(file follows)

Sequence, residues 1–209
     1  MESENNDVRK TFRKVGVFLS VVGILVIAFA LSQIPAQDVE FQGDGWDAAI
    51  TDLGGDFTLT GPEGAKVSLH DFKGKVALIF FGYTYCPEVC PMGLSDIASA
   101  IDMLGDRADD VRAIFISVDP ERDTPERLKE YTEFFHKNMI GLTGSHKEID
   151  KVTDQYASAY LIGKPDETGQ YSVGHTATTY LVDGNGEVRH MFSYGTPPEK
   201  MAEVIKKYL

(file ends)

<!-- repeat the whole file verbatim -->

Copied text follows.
Sequence, residues 1–209
     1  MESENNDVRK TFRKVGVFLS VVGILVIAFA LSQIPAQDVE FQGDGWDAAI
    51  TDLGGDFTLT GPEGAKVSLH DFKGKVALIF FGYTYCPEVC PMGLSDIASA
   101  IDMLGDRADD VRAIFISVDP ERDTPERLKE YTEFFHKNMI GLTGSHKEID
   151  KVTDQYASAY LIGKPDETGQ YSVGHTATTY LVDGNGEVRH MFSYGTPPEK
   201  MAEVIKKYL